Granted, Craven's task is made more difficult by the fact that this is one of those films where everyone, but everyone, is involved in the conspiracy. Some folks were part of it at the beginning, some are only brought in after Emma's death, but everyone is involved. Craven, of course, doesn't know this as he starts out, but the fact that it is a conspiracy means that he makes the absolute right decision in not telling any of his co-workers/police friends that it was Emma who was the target of the killing. At the time Craven makes that decision it is poorly motivated – an eye for an eye revenge is the sole reason – but it proves brilliant in hindsight. That is just one of the problems with the film – the only truly good reason Craven has for going it alone on the case is that it is a conspiracy, but he can't possibly have known that when he first decided to take the vigilante route.The plot is murky at best, full of clichéd notions of corrupt politicians, black ops fixers, and corporations more interested in money than human beings. The film, however, manages to remain better than passable due to the vast majority of the performances. Gibson, as stated above, has made a career out of this type of loner character – perhaps that is why it is so acceptable that he opts to go it alone – and it truly is a pleasure after so many years of his not being on the big screen to see him return. Gibson is in top form in the film, he is dark and angry and yet his anger is entirely driven by his grief at being robbed of that which was most important to him. It is a very good performance in an otherwise dime-a-dozen film.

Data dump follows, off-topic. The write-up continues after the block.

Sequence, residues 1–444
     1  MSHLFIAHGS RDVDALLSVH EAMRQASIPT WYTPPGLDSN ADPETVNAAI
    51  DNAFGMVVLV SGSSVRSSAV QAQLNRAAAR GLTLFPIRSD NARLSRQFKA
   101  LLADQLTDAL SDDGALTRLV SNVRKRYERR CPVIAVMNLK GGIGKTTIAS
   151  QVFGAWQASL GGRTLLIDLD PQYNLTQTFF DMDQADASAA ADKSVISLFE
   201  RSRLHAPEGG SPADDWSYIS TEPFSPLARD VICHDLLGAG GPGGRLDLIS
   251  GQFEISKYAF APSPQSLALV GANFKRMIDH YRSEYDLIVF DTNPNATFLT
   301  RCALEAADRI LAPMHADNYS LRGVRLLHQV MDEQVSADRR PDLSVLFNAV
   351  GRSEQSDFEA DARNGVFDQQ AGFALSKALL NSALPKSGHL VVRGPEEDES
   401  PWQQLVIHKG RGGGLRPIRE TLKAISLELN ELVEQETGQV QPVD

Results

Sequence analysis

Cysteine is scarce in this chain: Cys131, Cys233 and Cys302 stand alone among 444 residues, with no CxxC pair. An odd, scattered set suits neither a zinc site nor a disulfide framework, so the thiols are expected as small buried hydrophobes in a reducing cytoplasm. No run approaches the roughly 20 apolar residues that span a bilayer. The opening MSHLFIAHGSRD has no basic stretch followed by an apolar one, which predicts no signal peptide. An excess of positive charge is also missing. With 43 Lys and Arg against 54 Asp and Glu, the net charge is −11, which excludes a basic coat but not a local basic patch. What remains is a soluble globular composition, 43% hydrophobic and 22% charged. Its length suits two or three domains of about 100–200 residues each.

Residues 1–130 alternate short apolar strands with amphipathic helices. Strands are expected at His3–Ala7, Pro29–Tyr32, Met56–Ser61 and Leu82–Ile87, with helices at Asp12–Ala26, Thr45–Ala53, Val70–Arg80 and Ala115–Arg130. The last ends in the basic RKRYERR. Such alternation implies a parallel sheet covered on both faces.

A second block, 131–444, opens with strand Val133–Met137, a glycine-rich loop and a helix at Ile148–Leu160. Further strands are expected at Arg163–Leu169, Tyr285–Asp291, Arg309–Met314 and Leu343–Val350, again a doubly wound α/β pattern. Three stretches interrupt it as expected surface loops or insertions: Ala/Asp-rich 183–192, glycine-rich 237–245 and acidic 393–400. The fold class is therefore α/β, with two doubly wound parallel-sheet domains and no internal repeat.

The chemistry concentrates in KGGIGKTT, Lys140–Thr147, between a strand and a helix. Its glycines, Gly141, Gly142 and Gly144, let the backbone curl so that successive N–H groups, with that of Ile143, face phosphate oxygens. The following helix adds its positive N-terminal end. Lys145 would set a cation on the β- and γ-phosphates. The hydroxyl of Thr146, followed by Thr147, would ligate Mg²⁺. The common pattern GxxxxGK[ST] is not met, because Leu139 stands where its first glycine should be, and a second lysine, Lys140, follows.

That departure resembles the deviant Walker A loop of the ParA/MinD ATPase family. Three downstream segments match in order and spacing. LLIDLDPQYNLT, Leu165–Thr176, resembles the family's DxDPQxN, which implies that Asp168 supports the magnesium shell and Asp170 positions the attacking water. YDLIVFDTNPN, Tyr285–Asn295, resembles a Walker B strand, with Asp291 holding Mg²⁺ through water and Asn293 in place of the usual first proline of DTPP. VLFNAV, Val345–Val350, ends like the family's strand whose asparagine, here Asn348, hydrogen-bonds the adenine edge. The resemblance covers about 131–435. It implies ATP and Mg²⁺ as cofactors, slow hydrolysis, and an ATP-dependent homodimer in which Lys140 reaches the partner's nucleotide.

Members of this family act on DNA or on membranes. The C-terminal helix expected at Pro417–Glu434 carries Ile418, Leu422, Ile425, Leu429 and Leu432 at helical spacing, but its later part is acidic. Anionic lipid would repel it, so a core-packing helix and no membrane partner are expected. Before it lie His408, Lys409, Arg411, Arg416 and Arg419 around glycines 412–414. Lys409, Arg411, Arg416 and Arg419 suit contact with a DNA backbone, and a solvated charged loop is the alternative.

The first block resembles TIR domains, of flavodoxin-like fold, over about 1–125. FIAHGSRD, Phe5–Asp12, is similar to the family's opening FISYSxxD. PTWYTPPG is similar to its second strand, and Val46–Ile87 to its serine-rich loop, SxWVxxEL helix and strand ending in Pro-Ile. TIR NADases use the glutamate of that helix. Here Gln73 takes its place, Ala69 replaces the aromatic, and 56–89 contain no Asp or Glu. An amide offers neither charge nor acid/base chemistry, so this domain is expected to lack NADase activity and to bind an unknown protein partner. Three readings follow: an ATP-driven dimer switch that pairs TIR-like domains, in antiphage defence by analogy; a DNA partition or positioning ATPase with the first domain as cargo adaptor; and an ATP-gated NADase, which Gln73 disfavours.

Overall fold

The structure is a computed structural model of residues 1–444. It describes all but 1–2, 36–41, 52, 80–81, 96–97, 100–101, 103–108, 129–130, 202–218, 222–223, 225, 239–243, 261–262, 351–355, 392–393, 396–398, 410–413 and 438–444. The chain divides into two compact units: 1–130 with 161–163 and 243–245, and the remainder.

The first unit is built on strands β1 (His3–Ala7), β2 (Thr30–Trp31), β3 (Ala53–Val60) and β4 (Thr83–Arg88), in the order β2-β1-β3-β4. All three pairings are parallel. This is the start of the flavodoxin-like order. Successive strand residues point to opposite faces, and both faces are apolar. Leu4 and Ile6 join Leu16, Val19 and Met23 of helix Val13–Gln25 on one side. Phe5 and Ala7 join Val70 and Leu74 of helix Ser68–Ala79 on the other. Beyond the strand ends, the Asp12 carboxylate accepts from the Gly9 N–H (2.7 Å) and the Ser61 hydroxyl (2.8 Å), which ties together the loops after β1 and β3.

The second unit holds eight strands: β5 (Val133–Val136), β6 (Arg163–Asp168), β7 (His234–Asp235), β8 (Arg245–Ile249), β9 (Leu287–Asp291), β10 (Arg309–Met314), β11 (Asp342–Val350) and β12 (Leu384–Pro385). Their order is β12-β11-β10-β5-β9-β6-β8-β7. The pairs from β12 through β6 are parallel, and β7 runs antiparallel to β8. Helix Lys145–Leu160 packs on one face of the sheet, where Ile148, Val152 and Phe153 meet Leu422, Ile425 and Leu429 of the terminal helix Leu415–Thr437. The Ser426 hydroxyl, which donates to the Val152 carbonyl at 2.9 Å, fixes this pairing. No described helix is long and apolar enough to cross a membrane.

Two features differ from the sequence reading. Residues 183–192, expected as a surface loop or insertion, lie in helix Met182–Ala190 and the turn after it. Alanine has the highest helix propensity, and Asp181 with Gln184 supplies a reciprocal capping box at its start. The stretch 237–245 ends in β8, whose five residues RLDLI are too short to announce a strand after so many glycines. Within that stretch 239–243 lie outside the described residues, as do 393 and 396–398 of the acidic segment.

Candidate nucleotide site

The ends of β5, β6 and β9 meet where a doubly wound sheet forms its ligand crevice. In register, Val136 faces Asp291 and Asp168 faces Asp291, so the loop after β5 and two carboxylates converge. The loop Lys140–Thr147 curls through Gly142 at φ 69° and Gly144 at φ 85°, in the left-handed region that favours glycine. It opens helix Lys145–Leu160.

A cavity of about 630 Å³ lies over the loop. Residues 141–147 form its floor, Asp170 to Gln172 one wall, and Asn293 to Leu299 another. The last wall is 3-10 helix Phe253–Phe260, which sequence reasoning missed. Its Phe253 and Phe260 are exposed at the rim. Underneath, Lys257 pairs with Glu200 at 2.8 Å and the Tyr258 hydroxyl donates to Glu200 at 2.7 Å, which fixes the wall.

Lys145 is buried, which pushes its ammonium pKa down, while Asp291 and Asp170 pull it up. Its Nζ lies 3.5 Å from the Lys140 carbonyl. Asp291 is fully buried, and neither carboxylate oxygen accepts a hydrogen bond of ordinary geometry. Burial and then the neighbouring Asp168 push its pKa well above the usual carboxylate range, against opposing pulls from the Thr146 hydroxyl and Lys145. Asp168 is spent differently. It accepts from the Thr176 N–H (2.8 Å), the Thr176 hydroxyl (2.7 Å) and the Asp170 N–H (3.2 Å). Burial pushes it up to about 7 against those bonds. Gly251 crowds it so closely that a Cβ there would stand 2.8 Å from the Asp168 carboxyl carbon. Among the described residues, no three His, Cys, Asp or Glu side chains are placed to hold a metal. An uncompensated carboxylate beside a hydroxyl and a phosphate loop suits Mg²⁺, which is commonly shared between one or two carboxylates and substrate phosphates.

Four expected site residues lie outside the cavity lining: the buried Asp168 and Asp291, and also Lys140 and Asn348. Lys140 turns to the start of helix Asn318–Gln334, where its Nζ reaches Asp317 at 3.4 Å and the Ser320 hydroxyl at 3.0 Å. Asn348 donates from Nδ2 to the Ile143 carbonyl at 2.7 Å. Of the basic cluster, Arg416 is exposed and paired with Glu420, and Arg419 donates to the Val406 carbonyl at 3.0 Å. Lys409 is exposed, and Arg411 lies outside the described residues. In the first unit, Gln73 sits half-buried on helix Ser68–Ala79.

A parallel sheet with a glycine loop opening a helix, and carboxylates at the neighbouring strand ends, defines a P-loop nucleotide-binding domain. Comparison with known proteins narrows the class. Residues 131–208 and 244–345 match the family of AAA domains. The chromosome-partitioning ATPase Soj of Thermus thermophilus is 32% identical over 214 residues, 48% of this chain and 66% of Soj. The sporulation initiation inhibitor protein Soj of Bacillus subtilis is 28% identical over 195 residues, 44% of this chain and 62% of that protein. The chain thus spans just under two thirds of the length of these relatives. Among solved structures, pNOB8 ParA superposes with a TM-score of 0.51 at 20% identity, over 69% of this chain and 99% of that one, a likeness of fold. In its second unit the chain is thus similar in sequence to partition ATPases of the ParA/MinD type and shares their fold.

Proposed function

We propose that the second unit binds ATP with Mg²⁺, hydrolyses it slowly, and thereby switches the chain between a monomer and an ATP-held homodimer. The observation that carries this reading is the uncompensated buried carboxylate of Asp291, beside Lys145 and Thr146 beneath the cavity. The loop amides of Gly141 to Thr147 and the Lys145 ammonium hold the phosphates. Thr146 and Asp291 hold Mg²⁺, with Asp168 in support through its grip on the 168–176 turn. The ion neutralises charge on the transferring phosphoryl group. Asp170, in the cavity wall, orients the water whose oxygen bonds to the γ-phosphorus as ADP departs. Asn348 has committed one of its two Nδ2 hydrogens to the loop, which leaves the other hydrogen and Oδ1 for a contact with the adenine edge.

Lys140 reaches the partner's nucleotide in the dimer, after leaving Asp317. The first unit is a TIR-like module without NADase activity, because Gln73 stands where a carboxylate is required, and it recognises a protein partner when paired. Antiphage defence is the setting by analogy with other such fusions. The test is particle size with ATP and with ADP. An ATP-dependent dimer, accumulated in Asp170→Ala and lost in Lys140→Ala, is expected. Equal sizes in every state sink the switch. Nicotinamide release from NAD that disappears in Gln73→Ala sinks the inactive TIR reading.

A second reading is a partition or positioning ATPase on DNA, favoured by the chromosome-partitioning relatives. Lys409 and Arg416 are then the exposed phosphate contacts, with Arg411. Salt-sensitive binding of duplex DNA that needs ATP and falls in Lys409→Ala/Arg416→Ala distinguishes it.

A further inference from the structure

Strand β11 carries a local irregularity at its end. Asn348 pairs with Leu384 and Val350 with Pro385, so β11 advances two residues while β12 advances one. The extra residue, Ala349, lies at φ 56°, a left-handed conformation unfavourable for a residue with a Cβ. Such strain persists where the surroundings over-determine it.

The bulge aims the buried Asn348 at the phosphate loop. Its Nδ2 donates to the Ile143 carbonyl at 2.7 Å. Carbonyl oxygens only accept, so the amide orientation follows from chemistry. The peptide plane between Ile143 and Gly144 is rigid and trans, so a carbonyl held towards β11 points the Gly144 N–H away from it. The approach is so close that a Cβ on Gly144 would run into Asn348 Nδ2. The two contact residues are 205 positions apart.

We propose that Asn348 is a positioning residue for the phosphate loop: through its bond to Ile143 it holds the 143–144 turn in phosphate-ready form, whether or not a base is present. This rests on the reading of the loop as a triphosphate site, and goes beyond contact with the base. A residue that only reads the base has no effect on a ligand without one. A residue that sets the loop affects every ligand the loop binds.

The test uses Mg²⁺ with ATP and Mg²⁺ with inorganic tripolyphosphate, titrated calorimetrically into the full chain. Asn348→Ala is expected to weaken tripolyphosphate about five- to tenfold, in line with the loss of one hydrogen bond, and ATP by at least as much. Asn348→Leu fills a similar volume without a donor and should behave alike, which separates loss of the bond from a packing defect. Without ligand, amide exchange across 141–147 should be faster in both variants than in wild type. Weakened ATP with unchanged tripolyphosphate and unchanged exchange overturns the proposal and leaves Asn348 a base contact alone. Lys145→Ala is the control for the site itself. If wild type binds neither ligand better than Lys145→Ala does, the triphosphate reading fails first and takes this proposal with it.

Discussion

Many of Gibson's co-stars are equally good, most notably Ray Winstone as Jedburgh, a mysterious man who is tasked with whitewashing all the goings-on. Winstone's Jedburgh is world-weary and smart, a man who, despite sometimes doing the wrong thing does his best to proceed in the most forthright and honorable way he can. The one true disappointment in the cast is Danny Huston. Huston plays Jack Bennett, the head of Northmoor, and a man who, from the first moment he appears on the screen, before he even opens his mouth, is so clearly the bad guy, that the film's believability suffers massively when Craven doesn't torture Bennett into confessing immediately. Perhaps though the problem is that we as an audience are so far ahead of Craven at that point that we see what he cannot.